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## A Novel Binary Particle Swarm Optimization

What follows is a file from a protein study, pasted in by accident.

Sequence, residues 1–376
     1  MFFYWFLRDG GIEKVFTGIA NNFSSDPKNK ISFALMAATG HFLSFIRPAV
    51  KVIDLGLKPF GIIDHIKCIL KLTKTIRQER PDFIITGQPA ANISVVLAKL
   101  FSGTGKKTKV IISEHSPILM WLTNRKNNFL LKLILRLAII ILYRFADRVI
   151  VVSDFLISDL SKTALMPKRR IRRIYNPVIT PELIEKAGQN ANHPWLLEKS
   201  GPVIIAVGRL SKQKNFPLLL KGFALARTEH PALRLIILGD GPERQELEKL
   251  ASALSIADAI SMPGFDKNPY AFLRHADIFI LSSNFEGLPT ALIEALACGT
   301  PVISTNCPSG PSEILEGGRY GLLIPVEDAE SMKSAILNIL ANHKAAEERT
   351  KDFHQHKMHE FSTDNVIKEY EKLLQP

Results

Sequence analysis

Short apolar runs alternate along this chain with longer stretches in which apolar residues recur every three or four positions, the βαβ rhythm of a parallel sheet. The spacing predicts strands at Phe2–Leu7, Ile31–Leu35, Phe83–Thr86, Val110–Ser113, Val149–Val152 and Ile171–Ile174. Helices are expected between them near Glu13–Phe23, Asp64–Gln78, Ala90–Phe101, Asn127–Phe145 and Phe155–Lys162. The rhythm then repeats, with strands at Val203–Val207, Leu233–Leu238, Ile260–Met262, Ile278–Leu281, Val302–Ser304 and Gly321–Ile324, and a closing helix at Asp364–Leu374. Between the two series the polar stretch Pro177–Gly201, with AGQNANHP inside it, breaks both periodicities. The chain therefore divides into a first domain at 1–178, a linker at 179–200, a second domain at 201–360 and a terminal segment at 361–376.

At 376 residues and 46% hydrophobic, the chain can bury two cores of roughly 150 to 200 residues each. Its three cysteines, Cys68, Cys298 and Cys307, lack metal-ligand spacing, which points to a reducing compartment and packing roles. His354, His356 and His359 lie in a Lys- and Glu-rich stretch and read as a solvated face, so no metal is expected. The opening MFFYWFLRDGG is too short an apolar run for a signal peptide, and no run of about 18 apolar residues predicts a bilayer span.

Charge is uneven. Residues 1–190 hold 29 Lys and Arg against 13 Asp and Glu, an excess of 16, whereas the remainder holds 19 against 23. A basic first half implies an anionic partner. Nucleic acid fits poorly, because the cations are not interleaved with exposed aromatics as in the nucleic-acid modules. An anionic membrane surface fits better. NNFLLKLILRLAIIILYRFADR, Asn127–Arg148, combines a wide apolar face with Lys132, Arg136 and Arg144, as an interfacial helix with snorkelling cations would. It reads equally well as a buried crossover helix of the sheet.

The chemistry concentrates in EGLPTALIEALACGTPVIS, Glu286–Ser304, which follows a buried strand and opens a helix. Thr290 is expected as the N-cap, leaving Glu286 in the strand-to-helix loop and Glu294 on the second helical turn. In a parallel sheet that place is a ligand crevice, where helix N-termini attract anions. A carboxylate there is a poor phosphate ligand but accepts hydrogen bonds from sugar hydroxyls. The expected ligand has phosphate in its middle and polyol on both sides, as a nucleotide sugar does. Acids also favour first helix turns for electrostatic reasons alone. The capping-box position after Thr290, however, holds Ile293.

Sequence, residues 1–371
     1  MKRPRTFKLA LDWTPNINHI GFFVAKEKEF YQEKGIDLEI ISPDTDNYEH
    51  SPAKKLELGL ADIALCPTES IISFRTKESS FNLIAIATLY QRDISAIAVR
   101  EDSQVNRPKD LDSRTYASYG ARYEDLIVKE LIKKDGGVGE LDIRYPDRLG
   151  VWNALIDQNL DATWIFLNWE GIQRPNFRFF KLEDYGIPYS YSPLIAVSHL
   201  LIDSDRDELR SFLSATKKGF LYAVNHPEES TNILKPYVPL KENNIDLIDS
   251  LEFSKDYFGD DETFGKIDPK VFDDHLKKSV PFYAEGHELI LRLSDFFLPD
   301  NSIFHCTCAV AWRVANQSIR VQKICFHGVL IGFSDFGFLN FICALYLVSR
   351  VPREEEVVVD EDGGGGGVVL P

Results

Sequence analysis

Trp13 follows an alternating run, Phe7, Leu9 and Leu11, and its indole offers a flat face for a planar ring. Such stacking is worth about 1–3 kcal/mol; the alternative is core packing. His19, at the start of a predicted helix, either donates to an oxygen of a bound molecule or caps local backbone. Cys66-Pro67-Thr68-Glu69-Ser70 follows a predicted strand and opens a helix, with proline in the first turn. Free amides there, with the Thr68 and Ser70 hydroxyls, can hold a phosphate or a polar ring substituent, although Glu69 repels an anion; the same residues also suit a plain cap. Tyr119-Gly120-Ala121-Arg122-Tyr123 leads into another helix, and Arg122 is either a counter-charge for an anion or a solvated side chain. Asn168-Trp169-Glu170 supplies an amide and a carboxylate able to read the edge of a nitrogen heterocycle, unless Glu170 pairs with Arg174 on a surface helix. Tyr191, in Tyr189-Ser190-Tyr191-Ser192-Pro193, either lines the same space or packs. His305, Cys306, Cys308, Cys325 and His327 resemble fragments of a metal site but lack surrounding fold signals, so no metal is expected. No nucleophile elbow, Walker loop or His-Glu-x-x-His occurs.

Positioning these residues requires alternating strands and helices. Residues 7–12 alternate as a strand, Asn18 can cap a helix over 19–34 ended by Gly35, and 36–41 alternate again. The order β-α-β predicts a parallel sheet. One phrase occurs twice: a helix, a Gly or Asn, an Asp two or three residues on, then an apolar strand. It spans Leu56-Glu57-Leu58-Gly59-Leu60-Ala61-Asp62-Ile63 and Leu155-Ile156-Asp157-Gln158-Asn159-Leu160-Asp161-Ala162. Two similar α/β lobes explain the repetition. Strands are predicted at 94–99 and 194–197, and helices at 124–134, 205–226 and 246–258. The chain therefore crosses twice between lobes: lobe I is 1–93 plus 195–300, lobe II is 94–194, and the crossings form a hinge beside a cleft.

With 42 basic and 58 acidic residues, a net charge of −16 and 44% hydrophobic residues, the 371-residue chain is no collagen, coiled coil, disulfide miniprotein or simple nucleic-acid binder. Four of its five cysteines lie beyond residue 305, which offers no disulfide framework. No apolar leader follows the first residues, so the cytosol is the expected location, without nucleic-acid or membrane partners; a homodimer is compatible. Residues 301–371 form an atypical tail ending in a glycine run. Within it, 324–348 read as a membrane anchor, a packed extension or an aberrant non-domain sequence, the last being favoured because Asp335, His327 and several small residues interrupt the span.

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**Binary PSO- One version**• In this version of PSO, each solution in the population is a binary string. • Each binary string is of dimension n which is evaluated to give parameter values. • In the binary PSO, each binary string represents a particle • Strings are updated bit-by-bit based on its current value, the value of that bit in the best (fitness) of that particle to date, and the best value of that bit to date of its neighbors**Binary PSO- What is a neighbor?**• For binary strings, neighbors can be selected in one of several ways. Some examples are: (for a neighborhood of size k) • Neighbors are the k binary strings whose Hamming distance is minimum • For equal Hamming distances, the choices are arbitrary • In the beginning, arbitrarily assign groups of k strings to neighborhoods • Let the neighborhood size be the population size**BPSO**• In regular (real valued) PSO, everything is in terms of a velocity. • In BPSO, how does one define a velocity for a single bit? • Generally the velocity is defined in terms of a probability of the bit changing • You will see in a minute how this works**BPSO**• As just noted, in BPSO, bit-by-bit updates are done probabilistically • In other words, for a chosen bit (d) in a chosen string (i) it is changed to a 1 with a probability (P) that is a function of its predisposition to be a 1, the best value of itself to date, and the best value of its neighbors. • 1-P is the probability of changing to a 0 • Once P is determined, we generate a random number R, and if R<P, then the bit becomes a 1; otherwise it becomes a 0**BPSO**• The formula for an individual bit’s update is: • The function P is a probability, and thus once this value is computed for a given particle bit, we must generate a uniform random number to see whether it should be a 1 or a 0**BPSO**• The challenge is to come up with the f() from the previous slide • The value of vid(t) determines a string’s propensity to choose 1 or 0. • Higher values of vid(t) mean it is more likely to choose a 1, similarly for lower values choosing a 0**BPSO**• For the function • We are saying that this probability is a function of the bit’s current value, its “velocity” and the values of the best to date for the bit and best to date for the neighborhood. • Remember, best to date for a bit is simply a 0 or a 1**BPSO**• Since f will be a probability value, we know it must range between 0 and 1. • There are several measures or expressions used for f, one that is commonly used is the sigmoid function**BPSO**• In the preceding • Sometimes these parameters are chosen from a uniform distribution 0 - 2, such that the sum of their two limits is 4.0**BPSO Example**• As an example, let’s say that we are dealing with a population of 5 bit binary particles and a population of 4 particles 10101 01011 11100 01101 • We are updating particle 2 (01011), bit 3 (0)**BPSO Example**• Furthermore, we will assume that the current propensity (velocity) of this bit to be a 1 is 0.25. • Furthermore, assume that the best value of this particle (to date) was 00100 • And the best value of the whole population (to date) was 01111**BPSO Example**• Thus we have:**BPSO Example**• Now, with the value for f, we generate a random number, and if it is < f then bit x becomes a 1 otherwise, it becomes a 0.**BPSO - Parameters**• Sometimes the v value is limited so that f does not approach too closely to 0.0 or 1.0. • In this case, constant parameters [Vmin ,Vmax] is used. • When vid is > Vmax, vid is set to Vmax • When vid is < Vmin, vid is set to Vmin**BPSO - Initializing**• There are a few things that need to be initialized. • Initial population (particle) values – just randomly generate binary strings • Initial velocities can be generated as**Main problems with binary PSO**• Parameters of the binary PSO • the effects of these parameters are the opposite of those for the real valued PSO • values ofw < 1 prevents convergence. For values of −1<w <1,Vij becomes 0 over time. for w < 1 we have • Memory of BPSO**Proposed Binary Particle Swarm Optimization**• Two velocities for PSO